Within this difficult environment, there are concrete and positive signs of the School’s prospects. Just pre-COVID, SOA&D recruited new staff (4FTE) with ground-breaking practices and international reputations to lead their disciplines and contribute to the School’s stellar teaching and research. The proposed renovation and new building extension remain on the university’s infrastructure schedule. The School remains resilient, committed to studio-based practice delivering high quality teaching and learning across three programs – seven studio disciplines, art history and curatorship, and design.  

* ANU Change Management information is publicly available.   

Professor Denise Ferris was Head of the ANU School of Art & Design from May 2013 to December 2020.

More from this issue

More from this issue

By Dr Jenny Wilson — The events of 2020 have ushered in major change in the university sector and for creative arts in particular.

The ANU School of Music has been hit like much of the ANU by COVID-19. Our 2020 story was pretty similar to many other stories; finding ways to make remote learning possible; finding ways to bring our students back to campus in Semester 2; and then finding ways to make the savings envelope.

The primary impact of 2020/COVID-19 on the UQ School of Music has been increased pressure in all domains: change and adaptation in teaching, lost opportunities in research, and decreased engagement opportunities.

The dramatic effects on international student enrolments as a result of the COVID-19 pandemic are being witnessed in all our institutions. At Edith Cowan University the impact has not been felt as dramatically as in some Universities that have a greater reliance on international on-shore students as a major component of their income generation.

Here at Southern Cross University (SCU), like much of the tertiary sector, we find ourselves much changed. Being a regional institution, while SCU’s share of international students is small in comparison to larger urban universities, the loss of revenue has been commensurate with size and so has still had a profound effect.

For students and staff at Monash University, 2020 was a year of loss and learning. As for all Australian universities, the rituals of university life were reimagined in ways that previously were inconceivable.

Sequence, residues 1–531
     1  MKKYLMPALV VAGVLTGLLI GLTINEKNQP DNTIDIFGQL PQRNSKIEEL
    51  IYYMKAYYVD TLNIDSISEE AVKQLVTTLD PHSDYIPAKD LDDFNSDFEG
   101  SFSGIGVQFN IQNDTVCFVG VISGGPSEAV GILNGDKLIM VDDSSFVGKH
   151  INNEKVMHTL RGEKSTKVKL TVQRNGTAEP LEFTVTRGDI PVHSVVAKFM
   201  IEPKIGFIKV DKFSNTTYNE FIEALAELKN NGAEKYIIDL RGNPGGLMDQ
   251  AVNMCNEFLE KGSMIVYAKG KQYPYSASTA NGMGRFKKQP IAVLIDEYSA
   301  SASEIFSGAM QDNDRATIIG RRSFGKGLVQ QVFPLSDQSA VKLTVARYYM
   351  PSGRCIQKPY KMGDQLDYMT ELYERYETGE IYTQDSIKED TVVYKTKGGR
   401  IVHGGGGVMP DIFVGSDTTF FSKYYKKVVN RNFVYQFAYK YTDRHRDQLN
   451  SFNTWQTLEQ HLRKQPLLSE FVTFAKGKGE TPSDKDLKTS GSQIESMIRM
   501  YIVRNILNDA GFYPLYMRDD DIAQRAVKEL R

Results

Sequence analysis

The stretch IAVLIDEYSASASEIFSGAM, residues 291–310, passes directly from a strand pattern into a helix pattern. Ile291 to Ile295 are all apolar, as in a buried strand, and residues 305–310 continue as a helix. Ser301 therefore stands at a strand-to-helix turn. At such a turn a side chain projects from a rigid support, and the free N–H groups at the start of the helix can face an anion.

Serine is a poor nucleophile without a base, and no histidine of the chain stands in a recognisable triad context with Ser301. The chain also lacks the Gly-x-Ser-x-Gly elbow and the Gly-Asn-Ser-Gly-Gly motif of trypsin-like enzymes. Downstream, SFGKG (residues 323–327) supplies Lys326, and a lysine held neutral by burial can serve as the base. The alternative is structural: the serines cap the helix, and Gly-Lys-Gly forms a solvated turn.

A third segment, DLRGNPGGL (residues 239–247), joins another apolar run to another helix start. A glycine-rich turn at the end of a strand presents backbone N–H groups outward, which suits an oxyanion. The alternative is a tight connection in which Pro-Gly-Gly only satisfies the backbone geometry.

Transforming the structure of a university in the middle of a pandemic might not be on the top of everyone’s wish-list, but this is what happened at the University of South Australia.

Like most universities across the world, ECU has been forced to adapt in the face of the many and varied challenges presented by COVID-19. Notwithstanding the impacts of such challenges, the Western Australian Academy of Performing Arts (WAAPA), when compared to other conservatoire schools across the world has fared extremely well.

Although 2020 was a difficult year, both professionally and personally for all involved, I am pleased to report that the staff and students in the School of Creative Arts at the University of Southern Queensland (USQ) achieved a great deal together and we have entered 2021 stronger than ever.

When the National Art School campus closed due to COVID-19 in March 2020, students, teachers and staff were not the only ones affected. We also had to shut the doors on the public to the NAS component of NIRIN, the 22nd Biennale of Sydney.

For all the storm clouds of 2020, there was also silver to be found. Many schools around the country commented on the incredible ingenuity of teaching staff, adapting to the online delivery of programs and courses in ways never before imagined.

The QUT School of Creative Practice offers a Bachelor of Fine Arts degree, with majors in Acting, Dance, Drama, Technical Production, Music, Animation, Film and Screen, Creative Writing and Visual Arts. As a school that had previously taught only face-to-face, the last 12 months presented many challenges.